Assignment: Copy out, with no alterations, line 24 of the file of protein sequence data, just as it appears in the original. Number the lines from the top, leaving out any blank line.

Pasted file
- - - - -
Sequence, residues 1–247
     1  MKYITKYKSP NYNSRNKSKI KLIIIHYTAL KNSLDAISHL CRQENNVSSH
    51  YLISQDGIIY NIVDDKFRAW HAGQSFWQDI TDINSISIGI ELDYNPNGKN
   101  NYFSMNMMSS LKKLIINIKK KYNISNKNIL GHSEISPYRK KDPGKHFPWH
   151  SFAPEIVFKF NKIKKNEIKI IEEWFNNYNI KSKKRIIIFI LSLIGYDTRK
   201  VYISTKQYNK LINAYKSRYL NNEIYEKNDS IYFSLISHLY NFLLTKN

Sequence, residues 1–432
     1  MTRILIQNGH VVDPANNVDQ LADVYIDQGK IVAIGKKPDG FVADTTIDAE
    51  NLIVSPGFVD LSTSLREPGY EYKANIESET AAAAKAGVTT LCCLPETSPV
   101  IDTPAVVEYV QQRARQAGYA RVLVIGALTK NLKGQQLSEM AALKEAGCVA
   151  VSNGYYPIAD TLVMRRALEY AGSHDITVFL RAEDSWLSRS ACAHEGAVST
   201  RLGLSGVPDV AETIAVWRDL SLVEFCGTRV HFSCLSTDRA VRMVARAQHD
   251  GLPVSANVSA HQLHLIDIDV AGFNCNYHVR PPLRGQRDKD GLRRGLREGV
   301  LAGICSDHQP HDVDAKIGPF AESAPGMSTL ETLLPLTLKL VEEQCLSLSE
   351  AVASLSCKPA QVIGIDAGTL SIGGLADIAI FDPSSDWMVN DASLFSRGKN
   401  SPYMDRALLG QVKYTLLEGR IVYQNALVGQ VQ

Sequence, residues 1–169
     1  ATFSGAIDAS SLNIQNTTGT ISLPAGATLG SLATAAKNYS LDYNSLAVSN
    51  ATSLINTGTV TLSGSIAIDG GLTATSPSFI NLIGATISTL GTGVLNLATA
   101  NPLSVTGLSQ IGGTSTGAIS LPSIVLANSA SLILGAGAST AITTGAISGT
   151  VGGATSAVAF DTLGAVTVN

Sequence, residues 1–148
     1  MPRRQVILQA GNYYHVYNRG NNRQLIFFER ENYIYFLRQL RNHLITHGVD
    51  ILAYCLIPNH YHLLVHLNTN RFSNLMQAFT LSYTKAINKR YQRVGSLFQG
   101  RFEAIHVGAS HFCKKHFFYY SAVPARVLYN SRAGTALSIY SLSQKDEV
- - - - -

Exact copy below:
    51  ILAYCLIPNH YHLLVHLNTN RFSNLMQAFT LSYTKAINKR YQRVGSLFQG